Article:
Democratic Senator Chris Murphy of Connecticut criticized Trump’s commutation. He tweeted, “Stone had info that would have put Trump in jail. He told Trump he’d obstruct justice if he got clemency. Trump agreed.”
In sports news, the Washington R*dsk*ns NFL franchise will change its racist name, which it’s held since 1933. ESPN reports the team hasn’t yet decided on a new mascot but will include the military in its new name. Indigenous campaigners celebrated the move as long overdue and are calling for the Kansas City NFL franchise to follow suit. Navajo Nation activist Amanda Blackhorse tweeted, “It’s time for the Chiefs to defuse the cultural offenses they enable and reflect #NotYourChief.”
In Indiana, prison officials are set to carry out the first federal execution in nearly two decades today. A federal judge had suspended the lethal injection on Friday, after the victims’ family members said they were afraid to travel during the coronavirus pandemic to bear witness to the execution. But a federal appeals court panel ruled the victims’ family doesn’t have to attend. Forty-seven-year-old Daniel Lewis Lee was sentenced to death decades ago for his role in a 1996 triple murder. Since then, several family members of the three victims have called for Lee’s sentence to be commuted to life in prison.
In media news, the chief writer at the Fox News Channel show “Tucker Carlson Tonight” resigned Friday after CNN revealed he had written racist and sexist messages online. Blake Neff routinely posted to the website AutoAdmit using a pseudonym, attacking Asian Americans and African Americans in highly offensive language, while maintaining a thread harassing a woman with information about her personal life. In a statement, Fox News called Neff’s online comments “horrendous and deeply offensive.” Tucker Carlson has called white supremacy a “hoax”; he’s repeatedly made racist, homophobic and explicitly misogynistic remarks. In one 2006 audio recording, he’s heard attacking Iraqis as “semiliterate, primitive monkeys.”
President Trump lashed out Sunday against a section of wall along the U.S.-Mexico border that was privately funded by his own supporters. The three-mile barrier in the Rio Grande Valley was completed just months ago with support from the pro-Trump nonprofit “We Build the Wall,” whose board of directors includes Trump allies Kris Kobach, Tom Tancredo and Steve Bannon. The wall is already showing signs of heavy erosion. On Sunday, Trump tweeted, “I disagreed with doing this very small (tiny) section of wall, in a tricky area, by a private group which raised money by ads. It was only done to make me look bad.”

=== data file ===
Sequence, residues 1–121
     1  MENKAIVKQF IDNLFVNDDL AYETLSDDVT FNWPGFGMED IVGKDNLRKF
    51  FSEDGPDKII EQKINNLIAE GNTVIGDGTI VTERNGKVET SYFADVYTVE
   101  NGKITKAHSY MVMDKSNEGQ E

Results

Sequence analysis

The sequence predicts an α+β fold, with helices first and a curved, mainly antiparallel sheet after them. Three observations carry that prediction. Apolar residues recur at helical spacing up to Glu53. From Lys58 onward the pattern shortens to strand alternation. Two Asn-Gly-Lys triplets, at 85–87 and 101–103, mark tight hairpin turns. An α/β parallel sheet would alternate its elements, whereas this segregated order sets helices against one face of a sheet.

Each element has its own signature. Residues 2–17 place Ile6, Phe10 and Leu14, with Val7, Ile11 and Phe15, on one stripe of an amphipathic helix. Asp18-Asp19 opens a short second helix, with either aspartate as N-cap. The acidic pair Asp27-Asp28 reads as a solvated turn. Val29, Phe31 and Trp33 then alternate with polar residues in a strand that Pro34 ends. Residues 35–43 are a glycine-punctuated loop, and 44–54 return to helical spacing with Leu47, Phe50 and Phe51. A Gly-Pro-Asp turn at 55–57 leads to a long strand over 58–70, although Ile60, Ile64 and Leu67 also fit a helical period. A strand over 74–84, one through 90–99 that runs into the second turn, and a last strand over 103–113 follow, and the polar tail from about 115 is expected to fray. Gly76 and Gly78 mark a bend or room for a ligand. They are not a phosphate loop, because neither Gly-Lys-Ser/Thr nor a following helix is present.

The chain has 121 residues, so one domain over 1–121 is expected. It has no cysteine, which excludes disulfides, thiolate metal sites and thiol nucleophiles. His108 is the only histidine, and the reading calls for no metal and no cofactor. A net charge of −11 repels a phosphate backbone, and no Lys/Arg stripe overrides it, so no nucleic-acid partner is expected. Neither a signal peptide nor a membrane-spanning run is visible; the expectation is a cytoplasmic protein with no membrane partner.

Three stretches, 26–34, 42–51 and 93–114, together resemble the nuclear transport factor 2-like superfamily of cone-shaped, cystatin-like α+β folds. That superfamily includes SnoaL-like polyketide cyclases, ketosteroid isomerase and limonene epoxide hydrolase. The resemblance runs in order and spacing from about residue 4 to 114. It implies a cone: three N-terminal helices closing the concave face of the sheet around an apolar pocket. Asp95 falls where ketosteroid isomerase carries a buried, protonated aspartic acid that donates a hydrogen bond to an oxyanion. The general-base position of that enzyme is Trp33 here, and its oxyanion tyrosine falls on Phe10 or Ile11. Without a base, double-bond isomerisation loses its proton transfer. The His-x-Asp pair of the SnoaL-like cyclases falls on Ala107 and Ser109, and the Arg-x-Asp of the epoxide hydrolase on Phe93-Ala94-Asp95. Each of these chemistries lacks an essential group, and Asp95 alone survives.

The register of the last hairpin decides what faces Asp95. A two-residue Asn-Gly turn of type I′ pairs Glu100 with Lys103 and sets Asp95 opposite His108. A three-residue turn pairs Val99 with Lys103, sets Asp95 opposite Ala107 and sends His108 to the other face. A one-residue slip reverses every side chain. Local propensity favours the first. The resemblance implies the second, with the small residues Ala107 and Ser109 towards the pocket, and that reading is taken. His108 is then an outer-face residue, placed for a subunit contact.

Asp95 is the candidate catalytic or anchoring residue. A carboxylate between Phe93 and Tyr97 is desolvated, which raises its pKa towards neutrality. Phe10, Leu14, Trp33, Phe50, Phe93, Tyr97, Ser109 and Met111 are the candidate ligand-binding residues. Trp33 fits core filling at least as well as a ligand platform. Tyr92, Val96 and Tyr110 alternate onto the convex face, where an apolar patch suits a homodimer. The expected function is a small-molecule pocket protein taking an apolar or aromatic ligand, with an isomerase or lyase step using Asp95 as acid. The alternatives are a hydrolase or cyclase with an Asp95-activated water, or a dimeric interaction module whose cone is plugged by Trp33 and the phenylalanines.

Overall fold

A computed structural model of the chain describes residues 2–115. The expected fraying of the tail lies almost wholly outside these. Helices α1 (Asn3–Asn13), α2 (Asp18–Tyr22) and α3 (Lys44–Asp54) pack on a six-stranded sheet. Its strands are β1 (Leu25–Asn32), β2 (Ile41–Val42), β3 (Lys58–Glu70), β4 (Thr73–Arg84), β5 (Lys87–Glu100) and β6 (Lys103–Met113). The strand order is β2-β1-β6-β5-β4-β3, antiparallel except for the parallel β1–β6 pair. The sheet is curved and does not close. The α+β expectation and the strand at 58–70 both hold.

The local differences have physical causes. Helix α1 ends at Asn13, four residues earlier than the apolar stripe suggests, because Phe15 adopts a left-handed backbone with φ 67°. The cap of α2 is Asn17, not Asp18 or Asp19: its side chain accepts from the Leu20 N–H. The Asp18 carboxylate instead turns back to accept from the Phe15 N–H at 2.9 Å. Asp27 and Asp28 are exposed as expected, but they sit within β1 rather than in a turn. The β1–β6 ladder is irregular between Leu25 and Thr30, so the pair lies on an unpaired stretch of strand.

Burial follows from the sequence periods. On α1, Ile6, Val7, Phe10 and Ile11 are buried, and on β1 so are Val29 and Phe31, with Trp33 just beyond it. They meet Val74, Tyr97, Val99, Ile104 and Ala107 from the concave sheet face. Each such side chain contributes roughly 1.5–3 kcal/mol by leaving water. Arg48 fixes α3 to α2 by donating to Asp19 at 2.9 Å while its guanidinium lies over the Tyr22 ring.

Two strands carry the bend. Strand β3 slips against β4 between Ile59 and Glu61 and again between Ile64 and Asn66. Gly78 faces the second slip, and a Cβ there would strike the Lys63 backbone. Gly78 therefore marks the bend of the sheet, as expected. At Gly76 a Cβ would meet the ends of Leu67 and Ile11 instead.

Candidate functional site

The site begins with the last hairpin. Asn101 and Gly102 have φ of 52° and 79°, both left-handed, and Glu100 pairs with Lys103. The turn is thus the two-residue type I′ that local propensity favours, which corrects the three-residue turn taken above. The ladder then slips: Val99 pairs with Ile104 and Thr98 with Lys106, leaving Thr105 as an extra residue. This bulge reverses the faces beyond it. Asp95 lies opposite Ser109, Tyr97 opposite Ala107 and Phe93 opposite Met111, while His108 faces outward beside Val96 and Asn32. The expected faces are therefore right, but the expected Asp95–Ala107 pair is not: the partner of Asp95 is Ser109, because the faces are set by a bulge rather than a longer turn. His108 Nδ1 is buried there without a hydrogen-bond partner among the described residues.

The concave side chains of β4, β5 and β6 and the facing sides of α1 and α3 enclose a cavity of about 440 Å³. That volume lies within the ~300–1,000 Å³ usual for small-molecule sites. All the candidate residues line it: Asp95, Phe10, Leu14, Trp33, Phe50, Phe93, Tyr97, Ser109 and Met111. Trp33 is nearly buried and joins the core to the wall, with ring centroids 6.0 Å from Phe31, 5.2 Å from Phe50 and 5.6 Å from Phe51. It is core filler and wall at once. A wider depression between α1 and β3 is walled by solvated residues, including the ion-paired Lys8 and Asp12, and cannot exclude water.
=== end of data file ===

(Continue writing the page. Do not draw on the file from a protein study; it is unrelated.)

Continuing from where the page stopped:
U.S. Customs and Border Protection says an agent ran over an undocumented immigrant with his vehicle earlier this month near a border crossing in El Paso, Texas. The man was reportedly treated for injuries to his leg and torso and deported to Mexico on July 3.
A former Trump Cabinet official has revealed President Trump suggested selling Puerto Rico after Hurricane Maria devastated the territory in 2017. In a new interview, former acting Homeland Security Secretary Elaine Duke quotes Trump saying, “Can we sell the island? You know, or divest of that asset?” New York Congresswoman Nydia Velázquez, who was born in Puerto Rico, responded to the report by tweeting, “You may try to sell the office you hold, your personal integrity and your soul, Mr. President — but I assure you Puerto Rico is not for sale!”
Congressmember Alexandria Ocasio-Cortez, artist Lin-Manuel Miranda and former presidential candidate Julián Castro are all backing calls to boycott Goya Foods — a staple brand of food and seasonings in the Latinx community. The boycott comes after CEO Robert Unanue praised President Trump during an event at the White House Thursday.
Robert Unanue: “We’re all truly blessed at the same time to have a leader like President Trump, who is a builder.”
On Friday, Unanue told Fox News he would not apologize for his statements, claiming the boycott of Goya is a “suppression of speech.” Julián Castro responded by tweeting, “Free speech works both ways. Goya Foods CEO is free to support a bigoted president who said an American judge can’t do his job because he’s 'Mexican', who treats Puerto Rico like trash, and who tries to deport Dreamers. We’re free to leave his products on the shelves.”
The United Nations Security Council voted Saturday to open a single border crossing to allow humanitarian aid deliveries from Turkey into Idlib province, a rebel-held region of northwestern Syria. The weekend agreement broke a week-long stalemate, after Russia and China vetoed plans to allow humanitarian aid shipments through two border crossing points. Idlib recently recorded its first case of COVID-19, raising fears for more than a million internally displaced Syrians living in sprawling camps.
In Poland, incumbent President Andrzej Duda has declared victory in Sunday’s presidential runoff election after narrowly defeating pro-European Union candidate Rafal Trzaskowski. Duda is a far-right nationalist who’s backed by President Donald Trump. He campaigned on an anti-LGBTQ platform and has proposed a constitutional amendment banning same-sex couples from adopting children.
In London, animal rights activists on Saturday poured red dye into two fountains in Trafalgar Square, demanding the British government transition to a plant-based food system to prevent future pandemics caused by zoonotic diseases. At least two protesters with the group Animal Rebellion were arrested.
In Arizona, the family of a 65-year-old Latino man who died of COVID-19 is accusing state officials of being directly responsible for his death. In a scathing obituary in The Arizona Republic, the family of Mark Anthony Urquiza wrote, “His death is due to to the carelessness of the politicians who continue to jeopardize the health of brown bodies through a clear lack of leadership, refusal to acknowledge the severity of the crisis, and inability and unwillingness to give clear and decisive direction on how to minimize risk.”